Thanks to the corodite mineral mined by the Widgets, Man-at-Arms has created a new rocket booster for the Wind Raider. After Teela successfully tests the rocket booster, she and Adam head for the beach with four Widgets, where we are treated to scenes of beach ball and sandcastle building. It’s nice to see Adam and Teela doing their bit for Care in the Community.

Jacob 1
Adam: “I hate it when the Palace public relations officer says I have to go out and meet the proles.”

I was just about at the end of my tether with the sickeningly sweet music and jolly happy family attitude between Adam, Teela and the Widgets, so it comes as a merciful relief when Mer-Man and Trapjaw show up with a batch of unconvincing mechanical sea monsters. They use these for no evident reason to attack a boat belonging to a fisherman called Jacob, which is the cue for He-Man’s entry.

He-Man rescues Jacob and punches the robots into pieces, then considers the danger over and turns back into Adam. In what I think must be a first, Jacob is not grateful for He-Man’s help, and he frets over his destroyed boat and fishing equipment. Our heroes are distinctly unsympathetic to the loss of his livelihood, and get very huffy. As a punishment for his uncooperativeness, Jacob is sent to live with the Widgets until he can get himself a new boat.

Jacob 2
Jacob: “I’d rather take my chances with Trapjaw and Mer-Man, thanks.”

Mer-Man and Trapjaw have a quick debate over what went wrong, and hilariously conclude that they need to build new mechanical sea monsters using a different material – corodite. I’m pretty sure they won’t get to that stage, but even if they do, I can’t believe they genuinely think that building some corodite sea monsters is the key to defeating He-Man. Anyway, Mer-Man briefly kidnaps one of the Widgets called Biro, finds out from him where the corodite is kept, then lets him go after muttering some vague threats.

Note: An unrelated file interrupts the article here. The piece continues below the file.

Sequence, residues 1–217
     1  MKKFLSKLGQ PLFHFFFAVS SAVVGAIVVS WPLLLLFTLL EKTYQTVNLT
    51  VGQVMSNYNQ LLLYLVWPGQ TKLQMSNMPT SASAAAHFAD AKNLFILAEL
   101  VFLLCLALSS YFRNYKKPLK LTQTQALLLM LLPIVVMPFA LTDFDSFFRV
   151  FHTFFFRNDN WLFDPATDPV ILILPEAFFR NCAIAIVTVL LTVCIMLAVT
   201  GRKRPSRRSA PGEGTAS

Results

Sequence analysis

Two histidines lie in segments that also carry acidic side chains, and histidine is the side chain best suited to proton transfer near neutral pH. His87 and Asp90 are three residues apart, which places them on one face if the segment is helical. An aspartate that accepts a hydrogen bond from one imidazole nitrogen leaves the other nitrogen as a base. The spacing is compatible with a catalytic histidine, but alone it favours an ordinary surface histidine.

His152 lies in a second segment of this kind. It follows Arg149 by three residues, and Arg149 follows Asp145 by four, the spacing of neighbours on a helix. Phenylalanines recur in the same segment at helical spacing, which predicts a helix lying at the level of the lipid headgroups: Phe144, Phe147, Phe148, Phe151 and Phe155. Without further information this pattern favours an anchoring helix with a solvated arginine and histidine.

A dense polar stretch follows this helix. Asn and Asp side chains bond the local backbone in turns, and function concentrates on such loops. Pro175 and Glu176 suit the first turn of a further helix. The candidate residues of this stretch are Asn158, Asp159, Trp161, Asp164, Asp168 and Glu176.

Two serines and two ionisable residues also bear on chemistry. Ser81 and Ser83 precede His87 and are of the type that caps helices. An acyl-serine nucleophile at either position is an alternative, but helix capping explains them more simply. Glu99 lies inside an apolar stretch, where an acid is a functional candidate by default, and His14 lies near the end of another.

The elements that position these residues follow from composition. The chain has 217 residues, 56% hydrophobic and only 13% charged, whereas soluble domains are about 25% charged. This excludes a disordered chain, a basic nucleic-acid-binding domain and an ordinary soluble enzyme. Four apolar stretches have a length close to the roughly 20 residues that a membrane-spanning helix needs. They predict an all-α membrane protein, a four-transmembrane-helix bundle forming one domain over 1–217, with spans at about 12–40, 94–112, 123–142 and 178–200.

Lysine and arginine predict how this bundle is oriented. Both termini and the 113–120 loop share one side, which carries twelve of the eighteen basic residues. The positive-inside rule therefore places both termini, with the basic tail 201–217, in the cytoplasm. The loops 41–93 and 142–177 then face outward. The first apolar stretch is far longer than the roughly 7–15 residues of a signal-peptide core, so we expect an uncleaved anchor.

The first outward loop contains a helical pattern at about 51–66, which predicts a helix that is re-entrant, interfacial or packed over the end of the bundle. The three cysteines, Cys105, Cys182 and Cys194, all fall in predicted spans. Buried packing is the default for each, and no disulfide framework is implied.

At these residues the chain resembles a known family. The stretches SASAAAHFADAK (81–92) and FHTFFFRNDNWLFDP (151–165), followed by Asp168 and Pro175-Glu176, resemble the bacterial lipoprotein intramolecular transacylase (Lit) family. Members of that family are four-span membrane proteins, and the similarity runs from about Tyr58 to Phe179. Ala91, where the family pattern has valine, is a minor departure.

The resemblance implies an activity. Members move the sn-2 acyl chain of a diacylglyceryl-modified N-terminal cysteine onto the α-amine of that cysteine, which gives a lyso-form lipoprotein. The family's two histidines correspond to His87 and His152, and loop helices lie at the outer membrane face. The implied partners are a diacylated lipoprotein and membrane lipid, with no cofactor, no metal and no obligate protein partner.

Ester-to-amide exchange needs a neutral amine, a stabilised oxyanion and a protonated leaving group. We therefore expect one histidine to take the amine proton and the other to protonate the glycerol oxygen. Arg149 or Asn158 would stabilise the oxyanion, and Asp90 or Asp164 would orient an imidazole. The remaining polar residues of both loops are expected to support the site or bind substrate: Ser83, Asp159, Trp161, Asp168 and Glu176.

Once back at the Widgets’ fort, Jacob persists with being grumpy, until Squinch gives him an old fishing rod, at which point he starts whimpering about how no one’s ever been kind to him before. Before this can go any further, Mer-Man floods the mines, then appears in the fortress, demanding corodite and threatening to flood the entire fort if he doesn’t get it. He is secure enough in this plan to indulge in a fishy kind of laugh.

Luckily, Teela decides to pay a visit to the Widgets to see how Jacob is getting on. On discovering Mer-Man in the fort, Teela immediately gets down in a suggestive all fours pose, which is not the most obvious thing to do, but it works out quite well because Mer-Man is stupid enough to trip over her. Jacob then uses his new fishing rod to catch Mer-Man and tie him up, to general acclaim. However, Mer-Man manages to free himself and heads down into the flooded mines to help himself to corodite.

Jacob 3
Mer-Man: “This is possibly my most embarrassing defeat.”

Realising that Teela and Jacob are completely useless, the Widgets summon He-Man, who shows up in very short order. Learning of the situation, he pops down into the mines and kicks Mer-Man, and that’s the end of that. Unfortunately, the tide is coming in and filling the mines with more water – threatening the entire fort.